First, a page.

In this excerpt from In Darfur, translated by Humphrey Davies, Muḥammad al-Tūnisī recounts how, at age 14, he decided to travel from Cairo to Darfur in search of his father. The uncle who had been caring for him leaves Cairo on pilgrimage, and al-Tūnisī finds himself alone and penniless:
My uncle therefore went to the Hejaz, leaving me in Cairo to continue my studies at al-Azhar with enough money to last four months, but he stayed there longer than that. I ran out of money and could accomplish nothing—I was in the prime of my youth at the time—and found myself at a loss, not knowing what to do and scorning the idea of abandoning my studies and learning a craft. While thus at a loss and surviving in straitened circumstances due to my lack of wherewithal, I heard that a caravan had arrived from the Land of the Blacks, from Darfur—for which, we had heard earlier, my father had left Sinnār, accompanied by his brother. When the caravan had settled itself at the Caravanserai of the Jallābah, I went there to ask after my father, to find out if he was still alive and might yet arrive, or had been placed in the bare-walled vault on his demise. By coincidence, I came across a man—elderly, imposing, and dignified—called Sayyid Aḥmad Badawī, who was with the caravan. I kissed his hand and stood before him for a while, until he asked me gently, “What do you want?” I replied, “I’m looking for a man I know who has disappeared into your country. Perhaps one of you knows him and can guide me to him.” “Who is he?” he asked, “and what is his name?” “His name is Sayyid ʿUmar al-Tūnisī, and he is a man of learning,” I replied. “It so happens that you’ve come upon one who knows him well!” he said. “He is my friend and no one knows him better than I. I see a resemblance in you to him. I think you must be his son.” “I am,” I answered, “though my outward appearance is changed, my inner self deranged.” “Then what prevents you, dear boy,” he next asked, “from setting off to seek your father and finding, when you meet him, joy?” “Lack of means,” I replied, “and of provisions and the necessary gear.” “Your father,” said the man, “is regarded by the sultan as a very great man and is among those to whom he is most generous, more than any other at his court. Should you wish to go to him, I’ll take care of your provisions, your mount, and your comfort till you reach him and stand before him.” “Do you really mean that?” I asked him. “By the life of the Messenger, I do!” he replied. “Your father once did me a favor I could never repay were I to spend all that I own, every penny I possess.” “I am your obedient servant,” I said, “and will follow you in everything.” I therefore made a pact with him to that effect, and gave him my word then and there, and took to visiting him often until he was ready and told me, “Tomorrow we leave. Spend the night with us, if you like, so we can make an early start!” to which I replied, “That will I do, with all my heart!”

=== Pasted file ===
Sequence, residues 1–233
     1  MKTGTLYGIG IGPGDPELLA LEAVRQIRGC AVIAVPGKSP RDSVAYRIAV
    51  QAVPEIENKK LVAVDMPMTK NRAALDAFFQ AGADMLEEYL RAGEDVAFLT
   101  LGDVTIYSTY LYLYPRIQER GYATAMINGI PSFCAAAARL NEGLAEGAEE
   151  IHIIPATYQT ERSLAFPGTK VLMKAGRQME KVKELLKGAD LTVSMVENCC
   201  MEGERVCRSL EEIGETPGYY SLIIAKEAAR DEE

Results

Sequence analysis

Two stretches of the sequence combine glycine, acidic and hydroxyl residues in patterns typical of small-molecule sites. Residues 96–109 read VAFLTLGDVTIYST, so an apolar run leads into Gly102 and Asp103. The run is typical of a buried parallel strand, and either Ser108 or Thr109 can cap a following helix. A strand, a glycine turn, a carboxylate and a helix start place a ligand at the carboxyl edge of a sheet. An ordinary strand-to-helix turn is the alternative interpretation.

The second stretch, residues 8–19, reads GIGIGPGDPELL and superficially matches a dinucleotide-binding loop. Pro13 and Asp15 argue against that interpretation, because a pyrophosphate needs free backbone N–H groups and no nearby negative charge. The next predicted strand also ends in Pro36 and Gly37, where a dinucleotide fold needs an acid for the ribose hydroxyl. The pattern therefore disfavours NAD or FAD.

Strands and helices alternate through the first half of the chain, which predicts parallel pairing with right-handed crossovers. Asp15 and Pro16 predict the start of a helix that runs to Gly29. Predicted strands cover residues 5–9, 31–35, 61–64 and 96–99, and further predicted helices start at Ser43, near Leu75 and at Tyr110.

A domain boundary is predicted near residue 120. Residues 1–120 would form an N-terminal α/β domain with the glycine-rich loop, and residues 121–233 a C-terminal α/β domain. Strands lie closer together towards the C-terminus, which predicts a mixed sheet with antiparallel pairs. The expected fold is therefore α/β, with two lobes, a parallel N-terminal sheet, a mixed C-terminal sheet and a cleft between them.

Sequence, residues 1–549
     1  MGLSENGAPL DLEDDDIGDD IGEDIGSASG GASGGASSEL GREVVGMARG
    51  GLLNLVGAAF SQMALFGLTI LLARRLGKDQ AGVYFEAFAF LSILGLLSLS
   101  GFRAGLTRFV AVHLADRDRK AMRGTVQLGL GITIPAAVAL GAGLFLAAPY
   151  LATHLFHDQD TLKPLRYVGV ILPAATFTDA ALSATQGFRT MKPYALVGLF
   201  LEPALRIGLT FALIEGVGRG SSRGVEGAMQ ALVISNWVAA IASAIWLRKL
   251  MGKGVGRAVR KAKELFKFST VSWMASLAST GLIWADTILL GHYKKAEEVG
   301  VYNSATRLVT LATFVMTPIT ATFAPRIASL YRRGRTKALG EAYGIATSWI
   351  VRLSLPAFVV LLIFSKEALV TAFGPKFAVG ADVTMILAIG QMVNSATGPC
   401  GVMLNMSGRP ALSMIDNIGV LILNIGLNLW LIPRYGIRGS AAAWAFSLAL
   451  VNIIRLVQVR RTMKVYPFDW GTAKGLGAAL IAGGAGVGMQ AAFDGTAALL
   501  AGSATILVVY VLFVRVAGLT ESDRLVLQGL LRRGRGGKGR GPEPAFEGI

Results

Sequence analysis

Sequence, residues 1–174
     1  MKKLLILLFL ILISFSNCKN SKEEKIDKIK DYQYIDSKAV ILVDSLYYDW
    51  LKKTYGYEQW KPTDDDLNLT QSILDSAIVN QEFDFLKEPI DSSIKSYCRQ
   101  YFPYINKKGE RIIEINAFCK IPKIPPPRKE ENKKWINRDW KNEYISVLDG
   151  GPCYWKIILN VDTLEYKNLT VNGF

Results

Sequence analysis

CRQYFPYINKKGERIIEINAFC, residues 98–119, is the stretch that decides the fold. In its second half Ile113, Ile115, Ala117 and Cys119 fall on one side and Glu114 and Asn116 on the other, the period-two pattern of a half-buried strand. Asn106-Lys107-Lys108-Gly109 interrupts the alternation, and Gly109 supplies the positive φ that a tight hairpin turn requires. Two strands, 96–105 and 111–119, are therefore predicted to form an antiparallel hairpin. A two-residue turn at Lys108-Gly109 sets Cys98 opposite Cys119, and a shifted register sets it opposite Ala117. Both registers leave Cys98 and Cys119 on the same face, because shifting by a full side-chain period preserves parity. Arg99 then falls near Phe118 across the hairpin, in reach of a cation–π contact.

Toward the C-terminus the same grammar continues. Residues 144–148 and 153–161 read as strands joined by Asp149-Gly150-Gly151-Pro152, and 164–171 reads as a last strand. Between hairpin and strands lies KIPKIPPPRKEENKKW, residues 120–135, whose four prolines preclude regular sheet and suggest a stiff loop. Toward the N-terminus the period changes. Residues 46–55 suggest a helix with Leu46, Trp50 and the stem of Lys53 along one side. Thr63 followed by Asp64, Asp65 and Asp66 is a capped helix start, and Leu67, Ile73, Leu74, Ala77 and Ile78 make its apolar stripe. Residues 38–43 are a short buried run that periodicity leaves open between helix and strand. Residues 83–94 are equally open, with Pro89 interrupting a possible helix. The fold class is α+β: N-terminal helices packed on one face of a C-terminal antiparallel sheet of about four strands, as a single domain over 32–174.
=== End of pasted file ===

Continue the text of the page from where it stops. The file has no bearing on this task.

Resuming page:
I spent the night at his lodgings in the most luxurious and comfortable of circumstances and best and happiest of states till morning came and the air was suffused with light. We rose for the prescribed prayer and performed it, and uncovered the camel litters and brought them out. Then the camels were brought and the loads put on them so that before the sun’s disk could peep above the horizon, the loading was done and the golden-white camels had set off at an easy stride, which they kept up until they were kneeled at al-Fusṭāṭ, on the banks of the Nile, and the men set about loading them onto the boat, till all were on board. Then we waited till we’d performed our Friday prayers behind the imam, and went on board, having bade Cairo salaam.